Trump makes case to GOP insiders amid chaotic rally

2016-04-30 15:54
Donald Trump.

Donald Trump.

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Burlingame - Donald Trump took his outsider campaign to the inner sanctum of California's Republican party, making his case directly to the GOP's state party convention even as angry demonstrators shadowed him outside in a possible harbinger of the controversy he will bring as the nominating process shifts toward the nation's most populous and diverse state.

Trump spoke for about 30 minutes in a basement banquet hall in this town just outside San Francisco airport. It was the sort of small-scale interaction with party activists and donors that he has generally eschewed for grander rallies.

Trump came to make his pitch as the nominating calendar moves toward its end-game in California, which with 172 delegates at stake on June 7 could decide the GOP presidential nomination.

The billionaire front-runner told Republicans they needed to come together after their divisive primary but also delivered a warning: "There has to be unity in our party," Trump said.

"Would I win - can I win - without it? I think so, to be honest with you, because they're going to be voting for me" - and not the party, he added.

Undecided party members

Trump supporters snapped up tickets to the luncheon and cheered heartily for their candidate from a ring of tables around the perimeter of the ballroom. But Trump's speech got an icier reception from the party veterans and donors who sat just beneath the stage, separated from the rest of the room by a rope.

"We all listened politely," said Gregory Gandrud, an activist and donor from Santa Barbara County who backs Ohio Governor John Kasich.

Kasich spoke to the convention on Friday evening, and Senator Ted Cruz and his new vice presidential pick Carly Fiorina, address it on Saturday.

All three candidates are looking to galvanise supporters, sway undecided party members or poach from rival campaigns at the convention. "It's going to be a free-for-all," predicted the state party vice chair, Harmeet Dhillon.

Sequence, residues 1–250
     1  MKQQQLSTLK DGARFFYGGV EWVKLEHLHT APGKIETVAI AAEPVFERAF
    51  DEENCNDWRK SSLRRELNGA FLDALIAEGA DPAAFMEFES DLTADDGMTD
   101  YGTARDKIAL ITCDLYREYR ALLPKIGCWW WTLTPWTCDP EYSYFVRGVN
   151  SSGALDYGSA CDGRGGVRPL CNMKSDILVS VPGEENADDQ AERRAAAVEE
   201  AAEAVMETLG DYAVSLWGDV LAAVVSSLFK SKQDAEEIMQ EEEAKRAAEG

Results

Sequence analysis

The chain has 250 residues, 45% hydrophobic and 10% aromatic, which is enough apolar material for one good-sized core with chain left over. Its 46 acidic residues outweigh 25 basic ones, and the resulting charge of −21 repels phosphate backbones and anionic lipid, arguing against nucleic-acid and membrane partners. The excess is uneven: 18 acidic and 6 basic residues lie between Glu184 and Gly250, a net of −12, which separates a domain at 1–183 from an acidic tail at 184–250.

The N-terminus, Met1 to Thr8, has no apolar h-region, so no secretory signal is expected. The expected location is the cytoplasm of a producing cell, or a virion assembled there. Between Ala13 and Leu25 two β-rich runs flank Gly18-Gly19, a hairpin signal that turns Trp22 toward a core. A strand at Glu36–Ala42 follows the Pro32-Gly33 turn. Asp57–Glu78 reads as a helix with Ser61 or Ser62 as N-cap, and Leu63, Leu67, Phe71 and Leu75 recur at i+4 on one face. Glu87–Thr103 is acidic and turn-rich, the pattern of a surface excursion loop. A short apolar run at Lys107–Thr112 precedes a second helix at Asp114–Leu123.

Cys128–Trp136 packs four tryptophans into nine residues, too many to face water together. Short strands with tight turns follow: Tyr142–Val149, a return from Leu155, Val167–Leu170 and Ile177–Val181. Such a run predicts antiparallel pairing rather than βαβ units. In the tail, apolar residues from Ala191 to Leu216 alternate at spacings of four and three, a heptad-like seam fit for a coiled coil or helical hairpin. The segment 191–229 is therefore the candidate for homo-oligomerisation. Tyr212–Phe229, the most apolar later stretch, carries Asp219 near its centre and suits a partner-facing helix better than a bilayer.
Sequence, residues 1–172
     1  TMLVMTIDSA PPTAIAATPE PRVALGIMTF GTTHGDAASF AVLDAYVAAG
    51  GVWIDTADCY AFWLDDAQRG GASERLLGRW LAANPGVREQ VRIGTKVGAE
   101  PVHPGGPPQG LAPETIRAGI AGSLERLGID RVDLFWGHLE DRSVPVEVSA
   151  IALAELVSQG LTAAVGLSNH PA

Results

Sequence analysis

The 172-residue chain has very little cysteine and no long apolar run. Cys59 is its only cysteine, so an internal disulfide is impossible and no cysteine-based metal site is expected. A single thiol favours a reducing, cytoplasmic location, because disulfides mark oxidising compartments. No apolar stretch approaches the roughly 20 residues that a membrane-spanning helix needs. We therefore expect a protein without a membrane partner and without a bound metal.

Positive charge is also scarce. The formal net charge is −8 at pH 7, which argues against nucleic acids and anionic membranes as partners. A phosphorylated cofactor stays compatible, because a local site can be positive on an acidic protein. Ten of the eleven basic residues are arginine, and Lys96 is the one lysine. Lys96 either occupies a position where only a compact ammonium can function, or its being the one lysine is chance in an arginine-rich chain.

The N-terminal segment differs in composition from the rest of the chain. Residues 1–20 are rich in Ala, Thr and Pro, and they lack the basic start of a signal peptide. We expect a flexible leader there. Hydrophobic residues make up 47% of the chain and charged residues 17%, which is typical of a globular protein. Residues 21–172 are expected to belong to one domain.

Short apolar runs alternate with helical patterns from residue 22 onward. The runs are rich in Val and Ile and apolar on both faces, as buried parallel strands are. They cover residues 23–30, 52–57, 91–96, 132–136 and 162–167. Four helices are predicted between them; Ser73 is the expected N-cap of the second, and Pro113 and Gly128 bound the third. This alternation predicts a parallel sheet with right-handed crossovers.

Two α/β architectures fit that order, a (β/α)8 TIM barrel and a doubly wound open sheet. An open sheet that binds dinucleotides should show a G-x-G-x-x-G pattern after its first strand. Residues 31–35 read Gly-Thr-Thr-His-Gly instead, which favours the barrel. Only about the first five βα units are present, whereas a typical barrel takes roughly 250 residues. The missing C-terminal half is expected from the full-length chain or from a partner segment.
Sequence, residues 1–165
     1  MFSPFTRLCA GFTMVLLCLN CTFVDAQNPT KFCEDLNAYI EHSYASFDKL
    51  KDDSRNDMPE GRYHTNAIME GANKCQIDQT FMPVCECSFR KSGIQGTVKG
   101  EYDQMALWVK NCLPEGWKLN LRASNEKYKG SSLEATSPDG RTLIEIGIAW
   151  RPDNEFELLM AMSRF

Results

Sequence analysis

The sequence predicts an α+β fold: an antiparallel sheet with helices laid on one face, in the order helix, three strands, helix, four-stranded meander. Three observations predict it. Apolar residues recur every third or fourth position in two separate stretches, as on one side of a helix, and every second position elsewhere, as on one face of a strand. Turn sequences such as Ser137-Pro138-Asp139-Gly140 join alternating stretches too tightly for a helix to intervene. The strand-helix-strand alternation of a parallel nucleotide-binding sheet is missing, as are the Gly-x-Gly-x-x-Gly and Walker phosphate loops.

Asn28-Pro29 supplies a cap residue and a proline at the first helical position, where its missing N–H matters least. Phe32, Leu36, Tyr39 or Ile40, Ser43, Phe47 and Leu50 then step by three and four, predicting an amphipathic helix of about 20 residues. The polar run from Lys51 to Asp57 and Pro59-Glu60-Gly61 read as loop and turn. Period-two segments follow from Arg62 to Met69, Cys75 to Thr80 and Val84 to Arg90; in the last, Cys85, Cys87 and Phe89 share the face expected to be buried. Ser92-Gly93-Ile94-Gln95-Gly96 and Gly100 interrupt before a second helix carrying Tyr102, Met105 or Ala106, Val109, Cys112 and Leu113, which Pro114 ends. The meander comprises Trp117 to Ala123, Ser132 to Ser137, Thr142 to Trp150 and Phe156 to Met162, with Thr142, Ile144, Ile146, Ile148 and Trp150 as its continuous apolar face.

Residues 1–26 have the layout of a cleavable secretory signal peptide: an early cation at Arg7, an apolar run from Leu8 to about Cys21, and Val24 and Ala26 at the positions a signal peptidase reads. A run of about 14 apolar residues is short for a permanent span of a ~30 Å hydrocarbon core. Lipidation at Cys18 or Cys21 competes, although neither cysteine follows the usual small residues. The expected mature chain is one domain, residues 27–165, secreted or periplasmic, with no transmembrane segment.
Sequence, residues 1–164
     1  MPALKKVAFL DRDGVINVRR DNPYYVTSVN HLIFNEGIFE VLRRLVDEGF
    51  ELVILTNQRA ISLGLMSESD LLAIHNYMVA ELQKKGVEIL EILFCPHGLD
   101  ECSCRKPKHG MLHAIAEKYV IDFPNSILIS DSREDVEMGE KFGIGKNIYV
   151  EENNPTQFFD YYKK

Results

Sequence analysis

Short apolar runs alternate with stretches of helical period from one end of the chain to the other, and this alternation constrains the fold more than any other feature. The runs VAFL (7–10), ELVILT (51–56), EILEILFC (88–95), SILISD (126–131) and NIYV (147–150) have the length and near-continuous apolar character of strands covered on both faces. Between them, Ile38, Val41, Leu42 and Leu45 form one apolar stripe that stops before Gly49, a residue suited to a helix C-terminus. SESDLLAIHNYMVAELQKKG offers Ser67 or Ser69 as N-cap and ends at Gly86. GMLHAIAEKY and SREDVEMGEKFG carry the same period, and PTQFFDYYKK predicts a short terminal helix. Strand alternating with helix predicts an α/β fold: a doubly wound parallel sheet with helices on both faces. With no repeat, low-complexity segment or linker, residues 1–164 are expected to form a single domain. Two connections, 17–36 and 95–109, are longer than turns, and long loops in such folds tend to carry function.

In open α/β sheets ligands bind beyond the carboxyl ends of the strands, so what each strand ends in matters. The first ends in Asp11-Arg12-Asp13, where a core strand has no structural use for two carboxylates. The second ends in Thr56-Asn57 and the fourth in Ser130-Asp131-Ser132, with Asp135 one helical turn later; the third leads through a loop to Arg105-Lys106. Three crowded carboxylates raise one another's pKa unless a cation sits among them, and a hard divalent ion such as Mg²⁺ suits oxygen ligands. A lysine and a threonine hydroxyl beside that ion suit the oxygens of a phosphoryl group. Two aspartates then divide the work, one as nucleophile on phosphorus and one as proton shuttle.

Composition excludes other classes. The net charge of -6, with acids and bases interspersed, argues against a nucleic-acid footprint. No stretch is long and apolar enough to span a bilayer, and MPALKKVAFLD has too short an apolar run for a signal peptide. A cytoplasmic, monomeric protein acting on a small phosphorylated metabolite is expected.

That label clearly applied to Trump's Orange County rally on Thursday night, which filled the Pacific Amphitheatre to its capacity of about 8 000, with many hundreds more turned away.

Protests that stayed mostly peaceful during the event grew in size and anger afterward. Police in riot gear and on horseback pushed the crowd back and away from the arena; one Trump supporter had his face bloodied in a scuffle as he tried to drive away.

One man jumped on a police car, leaving its front and rear windows smashed and the top dented, and other protesters sprayed graffiti on a police car and the venue's marquee.

About 20 people were arrested, said the Orange County Sheriff's Department.

Conservative credentials

On Friday, hundreds of demonstrators pushed to the front doors of the Hyatt Regency in Burlingame before being moved back by police in riot gear.

Some protesters infiltrated the hotel building and hung a giant banner reading, "Stop Hate". The Secret Service led Trump in through a rear entrance to the hotel. Trump joked that as he crawled under a fence to get in he "felt like I was crossing the border".

Hours later, Kasich framed the chaos as a warning sign to his party. "Did you see what happened today?" he said during a news conference. "People chaining themselves to a fence. Do you see what's happening?"

Trump's remaining rivals can't beat him in what's left of the primary season. Their only hope is to deny him a majority of delegates heading into the July convention and wrestle for the prize in multiple ballots there.

But questions persist in the party - nationally and in California - about Trump's electability in autumn and his conservative credentials.

The demonstrations showed how polarising Trump can be, especially in a state where Republicans have become marginalised because they failed to attract growing immigrant populations. Trump's viewed warily by two camps here - those that want to grow the party and those who view some of Trump's positions betrayals of the conservative movement.

Read more on:    us  |  us elections 2016

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